Personal Injury Law
Employees' Right to Employment Records (Employees and Employers)
There are three important sections of the California Labor Code that require employers to keep and provide copies of an employee’s work records. These laws encourage record maintenance and allow employees to know the information gathered about them during employment. It is important for employees to make requests in writing, preferably with some proof of delivery, such as certified mail or e-mail. It important for employers to take the request seriously and act on it promptly, as we will see below.
California Labor Code Section 226 requires an employer to provide a copy of an employee’s payroll records within 21 days of the request. If an employer fails to provide the records, an employee may be entitled to a $750.00 penalty plus attorney’s fees and costs for having to hire an employment attorney to secure access to their records. Employers may charge a reasonable copying fee for producing the records. Employers may also give an employee access to copy the records on their own, and/or provide a time and place to come pick up records.
Example 1 - Employee Entitled to Penalty for Failure to Produce Pay Records: Employee works for a small grocery and liquor market in Castro Valley, California. Store is owned by employee’s uncle’s friend. The employment arrangement has been informal. Employee works 10-12 hours and has never received overtime pay. Employee decides to request payment for overtime for the past two and half years of work. Store owner terminates employee for seeking retroactive payment. Employee hires a qualified employment attorney in Oakland to make a records request. Store owner fails to provide the records within 21 days. Employee is entitled to his overtime pay, waiting time penalties, inaccurate wage statements, interest, plus a $750.00 penalty for failure to produce the records, along with reasonable attorney’s fees and costs.
California Labor Code Section 432 requires an employer to produce all documents an employee signed. Although there is no specified time requirement nor penalty specified, it is reasonable to expect an employer to produce signed documents within 30 days of receiving the request. This section is particularly useful if an employee works on commission and wants a copy of the commission contract, or if an attorney or their representative wants to see if an arbitration agreement governs their employment agreement.
California Labor Code Section 1198.5 requires an employer to produce an employee’s personnel file within 30 days of the request. Failure to produce the records is punishable by a $750.00 fine plus attorney’s fees and costs. Although no case specifically defines “personnel file”, it is reasonable to assume that employers should produce all on-boarding documents, such as an I9 and offer letter, as well as any W2s, 1099s, or other tax records. Employers should also produce any documents about substantial employment actions, such as discipline records, transfers, signed benefits designations, among other writings.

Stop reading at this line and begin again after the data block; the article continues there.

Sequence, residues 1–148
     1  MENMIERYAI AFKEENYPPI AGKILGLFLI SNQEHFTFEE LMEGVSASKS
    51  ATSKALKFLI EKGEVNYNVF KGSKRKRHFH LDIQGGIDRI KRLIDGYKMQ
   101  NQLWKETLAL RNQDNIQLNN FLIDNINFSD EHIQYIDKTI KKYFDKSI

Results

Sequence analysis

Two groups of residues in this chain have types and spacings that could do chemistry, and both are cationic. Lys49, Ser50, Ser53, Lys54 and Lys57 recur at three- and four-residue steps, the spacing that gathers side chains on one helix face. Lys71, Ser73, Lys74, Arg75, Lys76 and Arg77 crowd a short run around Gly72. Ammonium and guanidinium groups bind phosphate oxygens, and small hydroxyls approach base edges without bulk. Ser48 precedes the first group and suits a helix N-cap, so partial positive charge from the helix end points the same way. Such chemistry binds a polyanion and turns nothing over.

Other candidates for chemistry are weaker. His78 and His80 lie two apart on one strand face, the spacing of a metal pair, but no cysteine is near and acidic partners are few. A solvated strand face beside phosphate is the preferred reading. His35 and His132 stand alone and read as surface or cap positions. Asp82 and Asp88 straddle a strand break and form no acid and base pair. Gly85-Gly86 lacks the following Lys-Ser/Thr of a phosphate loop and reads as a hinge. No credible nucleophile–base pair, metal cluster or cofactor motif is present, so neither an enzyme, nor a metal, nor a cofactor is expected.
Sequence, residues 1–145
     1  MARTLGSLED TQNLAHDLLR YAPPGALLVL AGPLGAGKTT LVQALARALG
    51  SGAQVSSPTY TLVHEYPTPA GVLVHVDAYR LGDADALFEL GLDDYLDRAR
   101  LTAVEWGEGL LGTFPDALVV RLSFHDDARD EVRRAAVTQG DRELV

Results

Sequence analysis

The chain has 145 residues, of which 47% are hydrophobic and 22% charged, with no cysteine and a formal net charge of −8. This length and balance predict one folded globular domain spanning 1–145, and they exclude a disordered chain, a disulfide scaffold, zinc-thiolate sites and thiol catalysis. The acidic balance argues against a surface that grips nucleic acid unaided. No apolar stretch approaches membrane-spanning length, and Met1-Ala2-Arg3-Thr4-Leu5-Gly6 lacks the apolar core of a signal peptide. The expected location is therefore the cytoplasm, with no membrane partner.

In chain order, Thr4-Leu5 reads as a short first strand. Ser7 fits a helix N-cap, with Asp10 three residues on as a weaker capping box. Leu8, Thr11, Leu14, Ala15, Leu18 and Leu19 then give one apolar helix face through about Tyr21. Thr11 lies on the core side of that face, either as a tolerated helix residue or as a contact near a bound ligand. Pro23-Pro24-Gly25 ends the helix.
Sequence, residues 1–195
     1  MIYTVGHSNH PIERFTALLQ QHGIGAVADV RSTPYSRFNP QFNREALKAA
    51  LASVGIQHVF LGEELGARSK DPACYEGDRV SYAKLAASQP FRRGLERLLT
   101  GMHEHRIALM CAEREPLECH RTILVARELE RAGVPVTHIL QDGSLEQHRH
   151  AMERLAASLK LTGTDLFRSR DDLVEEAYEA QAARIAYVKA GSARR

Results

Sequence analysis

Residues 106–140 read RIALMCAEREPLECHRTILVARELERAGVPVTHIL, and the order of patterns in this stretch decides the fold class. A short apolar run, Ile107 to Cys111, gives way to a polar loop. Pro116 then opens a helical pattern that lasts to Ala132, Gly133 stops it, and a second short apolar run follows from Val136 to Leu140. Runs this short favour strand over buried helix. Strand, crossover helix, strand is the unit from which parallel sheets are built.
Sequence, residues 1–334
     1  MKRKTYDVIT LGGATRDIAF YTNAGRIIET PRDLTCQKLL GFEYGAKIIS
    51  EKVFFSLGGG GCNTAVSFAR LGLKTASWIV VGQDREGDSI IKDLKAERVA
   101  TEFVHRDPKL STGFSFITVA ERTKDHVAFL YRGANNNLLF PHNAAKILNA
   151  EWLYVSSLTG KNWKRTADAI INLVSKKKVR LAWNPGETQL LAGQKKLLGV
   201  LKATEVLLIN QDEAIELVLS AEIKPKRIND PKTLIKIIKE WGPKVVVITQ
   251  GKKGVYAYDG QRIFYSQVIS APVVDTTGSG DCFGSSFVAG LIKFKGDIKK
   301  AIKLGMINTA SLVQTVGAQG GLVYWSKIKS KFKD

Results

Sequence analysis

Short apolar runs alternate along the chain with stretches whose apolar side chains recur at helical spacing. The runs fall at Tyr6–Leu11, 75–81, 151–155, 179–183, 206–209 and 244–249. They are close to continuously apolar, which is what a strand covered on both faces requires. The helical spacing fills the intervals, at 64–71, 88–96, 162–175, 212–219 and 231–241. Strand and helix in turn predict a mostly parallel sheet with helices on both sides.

Example 2 – Employee Not Entitled to Penalty for Timely Production of Personnel File: Employee works as a high school teacher in Fremont, California. She has applied for various promotions she is qualified for, but repeatedly gets passed over. Employee is considering bringing a race discrimination case against the district but first wants all records relating to her applications for advancements over the past ten years. Employee calls a local employment attorney in Oakland, California to assess her race discrimination claim. Employment attorney makes a written request for records. School district provides a date and time for teacher to come to campus and copy the documents she wants for $0.10 per page. Employer has likely satisfied its duty under Section 1998.5.
Government employees may make these same records requests. Some documents may also be obtained through public disclosure laws. The Freedom of Information Act (FOIA) allows an employee or citizen to request records from the federal government. The Public Records Act (PRA) allows an employee or citizen to request records from a California government entity, such as the City of Oakland or the City of San Francisco.
Both a FOIA request and a PRA request will get reviewed by the entity in charge of the records. The reviewer may seek input from a legal representative of the affected entity in order to see if some type of privilege, such as privacy, should be asserted. It is common to receive “redacted” records from a government entity that do not show all information, such as a government employee’s name and e-mail address who communicated regarding the subject of the request.
If you believe your employer or a government entity has records that you need in order to ascertain your employment law rights, call us now for a free phone conversation about the best way to proceed. If you are an employer who has received a records request, consider calling a local employment attorney to assist in sensitive human resource functions and learn more about your record retention obligations.